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Dental health advice from a British Navy surgeon
New to the library is a reprint of
Every Lady and Gentleman Their own Dentist, as far as the Operations Will Allow. Containing the Natural History of the Adult Teeth and Their Diseases.: With the most Approved Methods of Prevention and Cure. Also, Those of the Gums, &c. To which is added, Dentition, and Treatment of Children at that Period.
The original book was written by British navy surgeon,
Dr Francis Brockell Spilsbury (not to be confused with his son, also in the navy and with the same name!) in 1791.
He went on to write a number of
other publications including memoirs of his naval campaigns.
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Rare book collection
The BDA library has a large collection of rare books from the 16th to the 20th centuries. A catalogue of the collection as it existed then was produced in 1964 and
may be viewed here. Since then the 20th century collection has expanded and book records for these and some of the older rare books exist on our
online catalogue along with links to full text versions where available.
Researchers may visit the library with prior permission.
A comic gem from our rare book collection
The Toothache: imagined by Horace Mayhew and realized by George Cruikshank (1849)
This is a tiny book with a long panoramic sheet showing a series of hand drawn colour illustrations depicting a comical story of a man with a tooth-ache. He tries different methods to cure himself and then finally chooses to go to a dentist.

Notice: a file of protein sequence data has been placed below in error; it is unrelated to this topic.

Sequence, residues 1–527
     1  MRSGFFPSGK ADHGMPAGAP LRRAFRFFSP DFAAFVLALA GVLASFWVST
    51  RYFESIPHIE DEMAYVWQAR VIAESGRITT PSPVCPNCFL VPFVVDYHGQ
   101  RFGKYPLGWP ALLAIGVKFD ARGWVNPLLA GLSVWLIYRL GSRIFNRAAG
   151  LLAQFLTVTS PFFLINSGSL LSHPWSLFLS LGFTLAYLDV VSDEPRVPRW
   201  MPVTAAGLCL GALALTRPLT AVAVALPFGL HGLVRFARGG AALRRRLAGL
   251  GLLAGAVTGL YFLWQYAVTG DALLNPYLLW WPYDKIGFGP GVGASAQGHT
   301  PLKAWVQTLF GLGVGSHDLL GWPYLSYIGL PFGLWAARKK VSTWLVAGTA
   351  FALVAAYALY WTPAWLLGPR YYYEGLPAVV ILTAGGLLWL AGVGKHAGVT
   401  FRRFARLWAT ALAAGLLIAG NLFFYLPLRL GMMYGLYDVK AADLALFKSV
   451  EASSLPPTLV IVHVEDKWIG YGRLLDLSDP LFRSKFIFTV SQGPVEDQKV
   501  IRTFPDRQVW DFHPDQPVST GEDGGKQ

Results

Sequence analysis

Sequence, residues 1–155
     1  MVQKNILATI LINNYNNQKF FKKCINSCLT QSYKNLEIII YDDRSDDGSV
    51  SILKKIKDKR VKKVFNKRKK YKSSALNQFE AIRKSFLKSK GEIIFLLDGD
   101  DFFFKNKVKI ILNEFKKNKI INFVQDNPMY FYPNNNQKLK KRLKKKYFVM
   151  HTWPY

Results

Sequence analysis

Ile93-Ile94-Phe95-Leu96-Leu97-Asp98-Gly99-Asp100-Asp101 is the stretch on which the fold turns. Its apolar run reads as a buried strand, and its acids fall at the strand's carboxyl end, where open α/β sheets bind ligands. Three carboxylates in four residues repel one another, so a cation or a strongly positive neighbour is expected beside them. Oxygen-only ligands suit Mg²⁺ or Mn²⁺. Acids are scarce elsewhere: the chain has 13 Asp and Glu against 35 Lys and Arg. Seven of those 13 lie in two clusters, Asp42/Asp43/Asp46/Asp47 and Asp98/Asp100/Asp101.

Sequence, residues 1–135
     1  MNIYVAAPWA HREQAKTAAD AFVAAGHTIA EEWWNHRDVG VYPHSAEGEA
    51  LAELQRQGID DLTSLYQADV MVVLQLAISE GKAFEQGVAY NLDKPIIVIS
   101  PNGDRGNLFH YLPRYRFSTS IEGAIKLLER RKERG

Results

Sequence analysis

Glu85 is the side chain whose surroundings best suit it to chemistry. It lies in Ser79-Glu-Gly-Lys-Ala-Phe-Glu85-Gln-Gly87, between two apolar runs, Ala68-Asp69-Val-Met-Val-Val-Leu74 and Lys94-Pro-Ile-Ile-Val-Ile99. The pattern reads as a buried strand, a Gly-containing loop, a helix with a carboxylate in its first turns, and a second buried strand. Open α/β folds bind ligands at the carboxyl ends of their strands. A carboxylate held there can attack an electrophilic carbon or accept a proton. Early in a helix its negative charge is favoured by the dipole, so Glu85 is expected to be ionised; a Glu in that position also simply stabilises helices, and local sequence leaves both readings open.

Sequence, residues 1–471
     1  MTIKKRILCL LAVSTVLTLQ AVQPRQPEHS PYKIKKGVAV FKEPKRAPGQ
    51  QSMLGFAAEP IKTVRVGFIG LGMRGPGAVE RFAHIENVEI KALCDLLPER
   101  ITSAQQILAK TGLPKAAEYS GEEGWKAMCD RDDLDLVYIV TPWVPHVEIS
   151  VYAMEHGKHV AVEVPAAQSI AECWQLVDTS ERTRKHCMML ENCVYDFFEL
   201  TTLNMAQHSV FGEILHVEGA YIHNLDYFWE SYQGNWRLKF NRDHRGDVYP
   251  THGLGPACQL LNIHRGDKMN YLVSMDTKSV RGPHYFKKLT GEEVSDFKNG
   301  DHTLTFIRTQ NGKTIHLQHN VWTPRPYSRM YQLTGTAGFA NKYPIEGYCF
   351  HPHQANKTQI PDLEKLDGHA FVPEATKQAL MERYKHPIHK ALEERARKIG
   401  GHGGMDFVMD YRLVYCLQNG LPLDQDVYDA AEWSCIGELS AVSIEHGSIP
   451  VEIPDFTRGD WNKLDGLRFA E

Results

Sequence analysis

Interestingly, this tiny book is one of the few sources to show how the “armchair” style of dentist’s chair favoured at the time was actually used in a practice. As can be seen here, the dentist stood at the back of the chair on a box in order to be able to look over into the patient’s mouth.
The dentist depicted in these illustrations may possibly be
Samuel Cartwright, junior who, at this time, was practicing in London in Sackville Street, just off Piccadilly. He was later to become
Charles Dickens’ dentist and was certainly acquainted with George Cruikshank.
The latter, at least in 1843, was in the
Literary Fund Society with Cartwright’s well-known dentist father, also Samuel Cartwright.
Horace Mayhew (1816–1872) was a London born playwright, journalist and a writer. He wrote a considerable number of farces and tales, and contributed to journalism becoming a frequent contributor to
Lloyd's Weekly Newspaper.
According to the
Dictionary of National Biography he was apparently a "handsome, captivating man, a brilliant talker and raconteur, and was very popular in society." He married late in life in around 1869 and died only three years later on 30 April 1872 of the "rupture of a blood-vessel".